• Instagram: Instagram live is a popular platform for DJ live streams. One of the advantages is that your followers are notified when you go live, and your videos will stay on your story for 24 hours. However, due to the nature of the app, viewers may not stick around for long. Instagram will also warn you before muting or booting your stream for copyright violation.
  • Facebook: Facebook live is another common streaming platform. Here you have to be careful, because if their AI detects a copyrighted track, they will cut your stream and you’ll have to start again. Facebook can also be a useful tool to funnel your audience to your Twitch channel.

How to stream across multiple platforms?

There are a few services that will allow you to broadcast your DJ stream across multiple platforms, including Restream, Streamlabs or OBS Studio, with free options depending on your exact requirements.

Checking your internet connection and set up

A reliable internet connection is a crucial part of your DJ streaming setup. You can use an internet speed test to make sure that you have sufficient upload speed – most platforms recommend around 4-5 Mbps. If possible, use an ethernet cable or at least ensure that no other devices are using your WIFI for the duration of the stream. It’s also advisable to close other browser windows or programs on your computer.

If possible, test your streaming setup fully before going live. For example, on Facebook you have the option to stream privately by setting the viewers to ‘Only You’.

Prepare your surroundings

It’s worth considering what viewers will see behind you while you’re streaming. Depending on your budget or time constraints, you could keep it as basic as a white wall or virtual background or go all out with a green screen and professional lighting.

Simple decorations like a few plants, a disco light, a neon sign, a poster or logo behind you, or even a TV or projector with visuals, can help add a fun touch to your stream.

Prepare your playlist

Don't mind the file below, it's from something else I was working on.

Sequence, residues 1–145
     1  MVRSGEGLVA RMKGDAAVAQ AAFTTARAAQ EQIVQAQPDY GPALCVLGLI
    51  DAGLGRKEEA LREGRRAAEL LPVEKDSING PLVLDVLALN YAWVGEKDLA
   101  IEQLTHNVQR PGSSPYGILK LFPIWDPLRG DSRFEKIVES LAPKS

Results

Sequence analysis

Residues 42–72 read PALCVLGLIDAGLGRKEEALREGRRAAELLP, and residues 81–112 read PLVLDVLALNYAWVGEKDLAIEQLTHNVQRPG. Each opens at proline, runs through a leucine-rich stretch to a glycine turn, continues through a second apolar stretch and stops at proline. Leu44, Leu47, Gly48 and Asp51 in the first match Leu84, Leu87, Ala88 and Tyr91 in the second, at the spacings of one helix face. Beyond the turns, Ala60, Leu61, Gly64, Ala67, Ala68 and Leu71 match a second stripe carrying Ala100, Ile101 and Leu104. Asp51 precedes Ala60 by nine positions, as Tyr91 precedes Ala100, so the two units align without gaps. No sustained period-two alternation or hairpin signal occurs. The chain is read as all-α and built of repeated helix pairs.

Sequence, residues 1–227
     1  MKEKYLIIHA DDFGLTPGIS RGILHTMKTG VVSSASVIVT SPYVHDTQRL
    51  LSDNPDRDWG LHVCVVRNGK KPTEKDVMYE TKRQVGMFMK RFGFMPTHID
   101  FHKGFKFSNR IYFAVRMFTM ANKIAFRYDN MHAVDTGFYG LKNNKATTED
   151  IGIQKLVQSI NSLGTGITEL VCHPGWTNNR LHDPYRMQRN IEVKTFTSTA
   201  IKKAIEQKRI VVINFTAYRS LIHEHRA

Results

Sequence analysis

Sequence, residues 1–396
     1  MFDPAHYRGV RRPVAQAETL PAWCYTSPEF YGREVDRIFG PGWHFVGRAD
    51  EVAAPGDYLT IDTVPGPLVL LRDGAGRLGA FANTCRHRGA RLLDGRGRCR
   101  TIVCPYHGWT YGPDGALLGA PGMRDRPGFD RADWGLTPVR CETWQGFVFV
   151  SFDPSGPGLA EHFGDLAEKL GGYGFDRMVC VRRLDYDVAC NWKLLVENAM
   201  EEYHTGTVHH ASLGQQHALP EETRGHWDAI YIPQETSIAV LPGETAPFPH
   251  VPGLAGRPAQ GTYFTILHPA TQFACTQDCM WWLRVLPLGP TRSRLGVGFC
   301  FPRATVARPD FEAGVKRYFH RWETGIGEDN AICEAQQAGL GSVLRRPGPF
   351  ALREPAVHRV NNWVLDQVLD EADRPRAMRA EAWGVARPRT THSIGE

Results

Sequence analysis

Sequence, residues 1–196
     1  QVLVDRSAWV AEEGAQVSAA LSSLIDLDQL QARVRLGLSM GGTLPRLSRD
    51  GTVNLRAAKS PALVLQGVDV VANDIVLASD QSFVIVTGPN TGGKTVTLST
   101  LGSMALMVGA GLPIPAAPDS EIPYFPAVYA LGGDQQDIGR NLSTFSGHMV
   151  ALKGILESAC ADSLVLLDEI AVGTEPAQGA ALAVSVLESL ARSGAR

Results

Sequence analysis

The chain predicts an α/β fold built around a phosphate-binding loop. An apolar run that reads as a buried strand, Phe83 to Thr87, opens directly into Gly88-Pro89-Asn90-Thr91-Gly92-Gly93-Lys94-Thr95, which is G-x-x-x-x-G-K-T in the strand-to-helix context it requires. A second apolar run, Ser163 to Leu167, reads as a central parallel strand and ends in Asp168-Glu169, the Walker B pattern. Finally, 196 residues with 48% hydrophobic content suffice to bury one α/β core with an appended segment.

This is the most fun part – prepare yourself a playlist of your favourite tunes, with a few extra to spare in case you mix faster than expected. A little bit of preparation is helpful, so can spend more time focusing on your mixing and engaging with your audience, rather than spending time sifting through your tracks deciding what to play. If you’re just starting off, this is a good way to learn how to prepare a DJ set list.

What you play is of course up to you, but if you’ve been playing for a while, a DJ live stream can be a great chance to play a more chill set or show off the rarer parts of your collection. You can have fun here without the pressure of making a club full of people dance.

How to set up for your DJ live stream

Live streaming equipment

Again, the equipment you will need depends a lot on your budget. For the most basic needs, a mobile device can be enough. Apps like EpocCam or CleanCamera can be used to capture video, and you can use a tripod to help you get the best angle – straight on is standard, but from above also looks cool – and horizontal usually works better than vertical. You can also use your laptop webcam or an HD camera.

If you’re filming in a small space, consider using a clip-on fisheye lens to get a better shot. Another optional extra is a microphone, which you can use to chat with your audience while you perform.

To ensure good audio quality, you’ll need an audio interface – like iRig – to route sound from your mixer into your laptop or phone. Other options for this include a handheld recorder, or some mixers even allow you to send a rec out signal via their USB output directly to your computer.